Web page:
Your feedback is important to us!
We invite all our readers to share with us their views and comments about this article.
Disclaimer: Comments submitted by third parties on this site are the sole responsibility of the individual(s) whose content is submitted. The Daily Star accepts no responsibility for the content of comment(s), including, without limitation, any error, omission or inaccuracy therein. Please note that your email address will NOT appear on the site.
Alert: If you are facing problems with posting comments, please note that you must verify your email with Disqus prior to posting a comment. follow this link to make sure your account meets the requirements. (http://bit.ly/vDisqus)
Under the scorching summer sun in Rabat, coach Ichtar Zahraoui bellows directions to "The Pirates," young Moroccan men and women learning to play American football together on the gridiron. Focused and sweaty, 30 players gather every Sunday to practice the sport, an unusual scene in a country obsessed with football.The breathless – and self-taught – coach has dreams of setting up the kingdom's "first real American football team".To do so, she needs the support of an "American coach and a large NFL club," she says, referring to the National Football League in the United States with which she has had "interesting contacts". Two years later, the men's national team won an inaugural African championship.For now, the Pirates prefer to play flag football, a watered-down, low-contact version of the sport that requires little equipment.The lighter touch has helped draw in participants from other sports such as basketball and judo who otherwise may not have joined.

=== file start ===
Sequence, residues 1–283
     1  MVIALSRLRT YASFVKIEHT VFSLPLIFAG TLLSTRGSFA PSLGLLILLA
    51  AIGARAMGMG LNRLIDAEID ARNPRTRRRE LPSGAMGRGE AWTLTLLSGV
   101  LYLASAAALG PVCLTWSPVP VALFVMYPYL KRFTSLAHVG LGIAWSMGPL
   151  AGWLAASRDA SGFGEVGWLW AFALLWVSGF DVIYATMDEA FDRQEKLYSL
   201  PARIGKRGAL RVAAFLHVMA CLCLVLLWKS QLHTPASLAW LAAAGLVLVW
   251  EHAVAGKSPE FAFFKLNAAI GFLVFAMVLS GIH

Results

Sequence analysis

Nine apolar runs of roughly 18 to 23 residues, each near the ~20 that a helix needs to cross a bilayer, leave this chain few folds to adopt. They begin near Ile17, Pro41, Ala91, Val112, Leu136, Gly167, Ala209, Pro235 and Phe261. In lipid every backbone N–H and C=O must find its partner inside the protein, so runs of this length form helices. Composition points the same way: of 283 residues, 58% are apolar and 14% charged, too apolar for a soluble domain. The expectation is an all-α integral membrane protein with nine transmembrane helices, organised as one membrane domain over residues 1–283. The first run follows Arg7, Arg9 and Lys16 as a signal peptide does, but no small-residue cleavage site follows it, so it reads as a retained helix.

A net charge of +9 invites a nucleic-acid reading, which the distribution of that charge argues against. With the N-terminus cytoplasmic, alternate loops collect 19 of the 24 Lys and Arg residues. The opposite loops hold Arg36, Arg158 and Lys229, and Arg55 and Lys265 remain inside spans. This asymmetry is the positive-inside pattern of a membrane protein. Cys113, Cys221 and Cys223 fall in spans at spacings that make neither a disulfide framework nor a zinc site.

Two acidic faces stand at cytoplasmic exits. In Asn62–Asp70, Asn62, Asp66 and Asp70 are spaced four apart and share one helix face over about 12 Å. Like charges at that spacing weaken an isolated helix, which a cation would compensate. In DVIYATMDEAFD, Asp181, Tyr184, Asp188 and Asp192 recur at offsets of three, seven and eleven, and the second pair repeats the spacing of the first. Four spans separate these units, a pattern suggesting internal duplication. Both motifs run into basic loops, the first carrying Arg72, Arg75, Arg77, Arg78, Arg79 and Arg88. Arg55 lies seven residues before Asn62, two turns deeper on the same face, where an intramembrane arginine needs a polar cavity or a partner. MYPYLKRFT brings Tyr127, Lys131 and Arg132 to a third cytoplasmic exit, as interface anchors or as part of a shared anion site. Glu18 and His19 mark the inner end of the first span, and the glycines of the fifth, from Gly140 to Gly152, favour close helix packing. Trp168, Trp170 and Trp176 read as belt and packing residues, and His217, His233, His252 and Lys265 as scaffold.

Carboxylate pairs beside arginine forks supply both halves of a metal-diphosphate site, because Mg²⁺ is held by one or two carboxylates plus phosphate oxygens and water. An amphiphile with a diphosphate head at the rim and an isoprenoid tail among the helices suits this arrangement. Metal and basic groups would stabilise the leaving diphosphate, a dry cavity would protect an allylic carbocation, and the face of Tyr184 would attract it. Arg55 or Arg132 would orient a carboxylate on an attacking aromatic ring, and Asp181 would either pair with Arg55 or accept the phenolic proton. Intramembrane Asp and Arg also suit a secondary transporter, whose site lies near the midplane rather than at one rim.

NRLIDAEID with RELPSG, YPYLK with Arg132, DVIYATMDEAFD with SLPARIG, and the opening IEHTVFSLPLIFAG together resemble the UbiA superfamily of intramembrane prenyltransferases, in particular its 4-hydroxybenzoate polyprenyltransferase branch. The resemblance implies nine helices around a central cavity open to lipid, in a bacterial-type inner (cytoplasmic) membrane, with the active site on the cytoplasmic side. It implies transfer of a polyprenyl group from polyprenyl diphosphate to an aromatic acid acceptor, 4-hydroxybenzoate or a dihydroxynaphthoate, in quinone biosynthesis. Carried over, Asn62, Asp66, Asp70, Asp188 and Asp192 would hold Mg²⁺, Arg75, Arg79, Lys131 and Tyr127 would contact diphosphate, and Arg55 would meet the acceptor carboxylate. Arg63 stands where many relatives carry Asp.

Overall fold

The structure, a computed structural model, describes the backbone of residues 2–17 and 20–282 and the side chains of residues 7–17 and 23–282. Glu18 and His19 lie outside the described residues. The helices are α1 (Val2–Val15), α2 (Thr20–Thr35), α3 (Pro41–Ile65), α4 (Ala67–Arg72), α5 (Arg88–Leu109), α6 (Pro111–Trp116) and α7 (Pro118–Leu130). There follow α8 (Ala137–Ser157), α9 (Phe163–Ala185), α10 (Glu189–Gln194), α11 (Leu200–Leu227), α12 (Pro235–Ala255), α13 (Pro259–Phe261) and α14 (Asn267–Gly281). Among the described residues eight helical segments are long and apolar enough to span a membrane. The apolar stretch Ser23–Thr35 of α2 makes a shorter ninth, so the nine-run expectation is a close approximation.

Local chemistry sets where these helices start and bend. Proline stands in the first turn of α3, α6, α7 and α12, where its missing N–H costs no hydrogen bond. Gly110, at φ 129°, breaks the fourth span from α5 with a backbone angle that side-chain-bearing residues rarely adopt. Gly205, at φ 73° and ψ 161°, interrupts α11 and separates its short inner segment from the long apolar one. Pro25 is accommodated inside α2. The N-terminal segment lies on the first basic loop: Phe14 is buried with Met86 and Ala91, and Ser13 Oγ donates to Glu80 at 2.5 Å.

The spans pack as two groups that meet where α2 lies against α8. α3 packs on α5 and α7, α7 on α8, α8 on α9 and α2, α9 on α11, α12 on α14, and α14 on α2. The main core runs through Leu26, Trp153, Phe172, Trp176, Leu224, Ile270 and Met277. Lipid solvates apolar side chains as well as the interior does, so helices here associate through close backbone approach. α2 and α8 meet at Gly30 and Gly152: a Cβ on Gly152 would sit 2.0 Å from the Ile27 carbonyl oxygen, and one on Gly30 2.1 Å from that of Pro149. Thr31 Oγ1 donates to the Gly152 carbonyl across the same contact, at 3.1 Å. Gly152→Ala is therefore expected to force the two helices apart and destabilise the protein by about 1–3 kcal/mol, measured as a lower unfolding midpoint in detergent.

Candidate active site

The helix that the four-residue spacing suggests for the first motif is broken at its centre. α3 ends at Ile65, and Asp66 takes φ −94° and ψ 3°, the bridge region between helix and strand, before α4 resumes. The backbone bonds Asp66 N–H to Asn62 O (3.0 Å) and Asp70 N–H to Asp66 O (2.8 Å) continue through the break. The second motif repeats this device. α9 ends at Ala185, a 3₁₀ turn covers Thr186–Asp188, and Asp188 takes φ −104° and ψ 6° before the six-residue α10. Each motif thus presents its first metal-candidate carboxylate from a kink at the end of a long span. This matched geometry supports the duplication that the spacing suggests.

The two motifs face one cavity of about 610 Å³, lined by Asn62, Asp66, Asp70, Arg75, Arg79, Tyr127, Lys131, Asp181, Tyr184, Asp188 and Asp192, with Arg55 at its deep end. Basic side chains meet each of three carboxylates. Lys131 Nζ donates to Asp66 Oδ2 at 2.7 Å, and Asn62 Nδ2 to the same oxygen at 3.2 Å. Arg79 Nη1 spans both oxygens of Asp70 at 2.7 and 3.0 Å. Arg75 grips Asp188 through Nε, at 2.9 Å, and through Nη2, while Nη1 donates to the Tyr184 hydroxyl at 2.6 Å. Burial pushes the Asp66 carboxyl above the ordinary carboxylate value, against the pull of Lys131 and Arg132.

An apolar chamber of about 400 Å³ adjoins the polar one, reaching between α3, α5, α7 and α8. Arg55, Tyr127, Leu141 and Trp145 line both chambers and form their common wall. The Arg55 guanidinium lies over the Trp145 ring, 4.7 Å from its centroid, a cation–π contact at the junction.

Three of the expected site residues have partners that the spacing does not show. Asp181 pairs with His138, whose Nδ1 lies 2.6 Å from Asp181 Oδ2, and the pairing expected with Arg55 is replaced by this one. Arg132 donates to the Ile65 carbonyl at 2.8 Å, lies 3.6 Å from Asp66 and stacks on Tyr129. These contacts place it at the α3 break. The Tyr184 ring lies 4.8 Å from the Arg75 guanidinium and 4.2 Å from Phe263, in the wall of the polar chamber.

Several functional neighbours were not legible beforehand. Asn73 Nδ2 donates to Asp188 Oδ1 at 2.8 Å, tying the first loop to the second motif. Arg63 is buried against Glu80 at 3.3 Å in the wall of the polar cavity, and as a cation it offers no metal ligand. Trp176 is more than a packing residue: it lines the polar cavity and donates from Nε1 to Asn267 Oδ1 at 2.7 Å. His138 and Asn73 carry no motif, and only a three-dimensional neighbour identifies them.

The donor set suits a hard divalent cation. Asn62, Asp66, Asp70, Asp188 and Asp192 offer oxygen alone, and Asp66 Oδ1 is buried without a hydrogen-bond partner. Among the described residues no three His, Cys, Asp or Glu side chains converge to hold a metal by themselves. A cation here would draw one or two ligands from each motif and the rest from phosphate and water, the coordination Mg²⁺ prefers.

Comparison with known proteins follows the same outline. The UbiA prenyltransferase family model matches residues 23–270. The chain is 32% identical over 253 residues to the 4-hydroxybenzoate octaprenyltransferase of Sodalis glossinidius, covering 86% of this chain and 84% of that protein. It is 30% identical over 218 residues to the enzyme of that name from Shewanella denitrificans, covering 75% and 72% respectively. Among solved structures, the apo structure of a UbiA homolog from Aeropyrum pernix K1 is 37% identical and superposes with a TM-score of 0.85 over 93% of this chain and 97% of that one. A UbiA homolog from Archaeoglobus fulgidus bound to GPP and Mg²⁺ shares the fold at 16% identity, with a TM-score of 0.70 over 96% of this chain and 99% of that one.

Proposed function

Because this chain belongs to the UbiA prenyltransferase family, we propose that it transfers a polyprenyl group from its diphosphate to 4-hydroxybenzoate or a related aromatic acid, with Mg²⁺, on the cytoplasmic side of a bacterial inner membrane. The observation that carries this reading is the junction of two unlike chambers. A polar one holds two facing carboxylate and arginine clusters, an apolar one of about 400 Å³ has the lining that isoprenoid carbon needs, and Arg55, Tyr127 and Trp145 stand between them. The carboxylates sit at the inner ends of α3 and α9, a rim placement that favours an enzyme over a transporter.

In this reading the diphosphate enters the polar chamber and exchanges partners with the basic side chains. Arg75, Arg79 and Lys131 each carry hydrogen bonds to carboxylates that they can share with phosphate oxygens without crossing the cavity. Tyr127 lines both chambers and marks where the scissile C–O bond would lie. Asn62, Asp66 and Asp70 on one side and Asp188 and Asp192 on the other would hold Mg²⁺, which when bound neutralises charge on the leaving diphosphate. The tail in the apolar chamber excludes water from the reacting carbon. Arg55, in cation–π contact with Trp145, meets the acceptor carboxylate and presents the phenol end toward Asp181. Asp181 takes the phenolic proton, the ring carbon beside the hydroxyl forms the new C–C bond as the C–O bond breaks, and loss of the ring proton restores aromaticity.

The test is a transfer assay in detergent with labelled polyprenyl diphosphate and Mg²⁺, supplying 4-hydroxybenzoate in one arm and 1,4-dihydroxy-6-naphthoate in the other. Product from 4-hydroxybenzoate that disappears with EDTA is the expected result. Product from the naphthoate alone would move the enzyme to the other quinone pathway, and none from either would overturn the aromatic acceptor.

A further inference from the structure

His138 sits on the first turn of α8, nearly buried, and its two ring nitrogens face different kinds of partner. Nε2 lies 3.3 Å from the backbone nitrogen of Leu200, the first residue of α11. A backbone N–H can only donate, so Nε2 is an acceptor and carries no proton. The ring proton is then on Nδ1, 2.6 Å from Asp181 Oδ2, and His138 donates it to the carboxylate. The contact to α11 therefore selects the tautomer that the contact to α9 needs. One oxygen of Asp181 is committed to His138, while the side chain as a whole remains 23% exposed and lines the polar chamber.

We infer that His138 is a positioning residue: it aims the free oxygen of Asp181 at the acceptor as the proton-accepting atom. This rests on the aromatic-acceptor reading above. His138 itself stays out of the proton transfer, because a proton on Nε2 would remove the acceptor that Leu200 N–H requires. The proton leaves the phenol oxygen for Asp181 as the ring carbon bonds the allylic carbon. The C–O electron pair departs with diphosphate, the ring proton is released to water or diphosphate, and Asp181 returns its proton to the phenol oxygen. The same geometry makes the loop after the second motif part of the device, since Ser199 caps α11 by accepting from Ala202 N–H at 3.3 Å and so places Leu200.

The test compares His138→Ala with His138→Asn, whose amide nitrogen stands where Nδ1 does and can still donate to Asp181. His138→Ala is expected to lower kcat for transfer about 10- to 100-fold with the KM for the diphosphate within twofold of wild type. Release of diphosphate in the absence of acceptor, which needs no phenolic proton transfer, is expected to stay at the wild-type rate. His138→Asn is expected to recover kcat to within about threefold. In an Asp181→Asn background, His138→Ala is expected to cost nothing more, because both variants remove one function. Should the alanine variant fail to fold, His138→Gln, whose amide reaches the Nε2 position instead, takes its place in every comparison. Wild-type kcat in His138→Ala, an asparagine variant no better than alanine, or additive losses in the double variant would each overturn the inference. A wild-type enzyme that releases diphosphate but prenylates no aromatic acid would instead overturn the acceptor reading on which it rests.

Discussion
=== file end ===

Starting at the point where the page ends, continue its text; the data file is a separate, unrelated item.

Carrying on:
FOLLOW THIS ARTICLE